Floats rendering incorrectly in st.dataframe

I’ve been struggling to figure out how to resolve this issue and have tried everything I can think of and can’t figure out how to resolve it.
Basically, whenever a float value has a leading 0.0 all leading 0s are being removed before the dataframe is rendered in streamlit.

Here is a screenshot of what shows in streamlit:

Here is a screenshot of the df in my IDE before it is added to streamlit:

You can see the “Executive & Admin” value is 0.091400 but in the streamlit UI it shows it as 91400.

If there are more leading 0s like 0.0000100 it would just show as 100. No idea why and not sure what to do to fix it?

I am using streamlit 1.26.0 on python 3.9.13

Works as expected here. You must be doing something different.

It works totally fine if I manually create a data frame and type in 0.00123, but if the data comes from a query from st.experimental_connection, it doesn’t seem to work

Is df a pandas DataFrame or something else?

What connection type is being used?

Using the snowpark connection. I’ve tried both the direct result from the snowpark connection.query(sql) as well as taking that result and attempting to convert it to a pandas dataframe (even though I’m pretty sure that query returns a pandas dataframe).
I have a feeling if you connect to snowflake via snowpark and do something as simple as select 0.000123 as f and put those results into the table, it wouldn’t render correctly, but haven’t tried it yet…

If you can reproduce the issue with a pandas DataFrame, there must be a way to share it.

This could be a Pandas styling issue, not displaying the float appropriately.

Try this:

st.dataframe(df.style.format({"f": "{:.6f}"}), use_container_width=True)

@CarlosSerrano is there any way to do this generically? Ideally a solution that formats float columns as float, but non-float columns as ints and strings? I guess I could look at the data to do this, but was hoping for a “simpler” solution.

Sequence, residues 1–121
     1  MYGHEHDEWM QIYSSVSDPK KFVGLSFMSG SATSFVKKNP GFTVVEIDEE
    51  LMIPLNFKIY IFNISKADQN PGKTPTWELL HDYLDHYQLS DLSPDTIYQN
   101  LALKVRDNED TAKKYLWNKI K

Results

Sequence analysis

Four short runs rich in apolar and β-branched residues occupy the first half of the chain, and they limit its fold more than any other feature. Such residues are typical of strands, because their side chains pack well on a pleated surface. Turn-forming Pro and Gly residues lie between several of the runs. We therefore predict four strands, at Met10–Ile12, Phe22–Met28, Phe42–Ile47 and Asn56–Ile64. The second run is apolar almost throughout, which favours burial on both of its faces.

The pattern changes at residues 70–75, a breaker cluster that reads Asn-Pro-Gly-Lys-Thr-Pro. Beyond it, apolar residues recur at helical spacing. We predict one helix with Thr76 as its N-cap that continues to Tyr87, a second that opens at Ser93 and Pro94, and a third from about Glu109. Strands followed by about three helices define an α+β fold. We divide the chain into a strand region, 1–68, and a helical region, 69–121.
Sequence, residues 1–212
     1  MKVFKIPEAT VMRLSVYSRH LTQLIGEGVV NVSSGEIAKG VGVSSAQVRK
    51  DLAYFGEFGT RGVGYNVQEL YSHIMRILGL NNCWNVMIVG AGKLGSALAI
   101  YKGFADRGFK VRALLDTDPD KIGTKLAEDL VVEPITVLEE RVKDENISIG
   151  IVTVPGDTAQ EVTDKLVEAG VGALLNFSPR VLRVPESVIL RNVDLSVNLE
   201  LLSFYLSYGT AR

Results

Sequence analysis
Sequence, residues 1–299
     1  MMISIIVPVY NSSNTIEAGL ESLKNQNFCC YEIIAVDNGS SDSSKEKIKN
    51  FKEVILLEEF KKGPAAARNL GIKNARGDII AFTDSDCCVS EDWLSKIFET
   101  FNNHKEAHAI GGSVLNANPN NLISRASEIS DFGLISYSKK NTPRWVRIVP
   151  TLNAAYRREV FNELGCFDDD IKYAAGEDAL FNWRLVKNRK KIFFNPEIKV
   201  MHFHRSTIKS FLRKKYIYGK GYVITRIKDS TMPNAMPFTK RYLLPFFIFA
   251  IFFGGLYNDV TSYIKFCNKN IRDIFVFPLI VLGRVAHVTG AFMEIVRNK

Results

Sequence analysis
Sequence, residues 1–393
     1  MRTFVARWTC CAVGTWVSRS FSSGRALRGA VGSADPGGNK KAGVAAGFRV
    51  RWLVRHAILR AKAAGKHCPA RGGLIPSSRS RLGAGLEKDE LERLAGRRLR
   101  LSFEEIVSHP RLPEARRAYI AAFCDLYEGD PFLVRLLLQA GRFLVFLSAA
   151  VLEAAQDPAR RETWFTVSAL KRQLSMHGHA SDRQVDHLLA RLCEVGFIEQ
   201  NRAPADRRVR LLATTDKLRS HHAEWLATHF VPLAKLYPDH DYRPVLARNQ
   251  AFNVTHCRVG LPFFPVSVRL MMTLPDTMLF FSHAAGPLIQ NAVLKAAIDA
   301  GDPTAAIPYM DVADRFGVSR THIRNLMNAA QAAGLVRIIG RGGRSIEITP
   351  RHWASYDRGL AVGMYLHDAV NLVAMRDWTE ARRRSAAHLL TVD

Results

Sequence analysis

You could write some data cleaning/parsing functions to make sure you account for all your data types appropriately. Then visualize it.

@CarlosSerrano I ran into this issue again, not exactly the same, but very similar…
Code and screenshot below

sql = """
    WITH NumberSequence AS (
        ROUND(UNIFORM(3200000, 3300000, RANDOM())) AS num
    ), t1 as (
        select * from NumberSequence
    ), t2 as (
        select * from NumberSequence
    t2.num + 200000 as num2,
    ROUND(((t1.num - num2) / t2.num) * 100, 1) AS percentage_change

    from t1
    left join t2 on t2.r = t1.r

df = conn.query(sql)
st.dataframe(df, hide_index=True) 

And here is the result from snowflake

Try being specific about your casting on the SQL side.

ROUND(((t1.num - num2) / t2.num) * 100, 1)::float AS percentage_change

Unfortunately the sql is being generated by gpt… Any other ideas for streamlit to interpret the data format better? Python prints the dataframe fine… And ironically the df export to csv from the streamlit download button is also correct, so it’s just the displayed table that is incorrect

I would add something like this to convert all the objects to floats if possible.

for k,c in dict(df.dtypes).items():
    if c == 'object':
            df = df.astype({k:'float'})
        except Exception as e:

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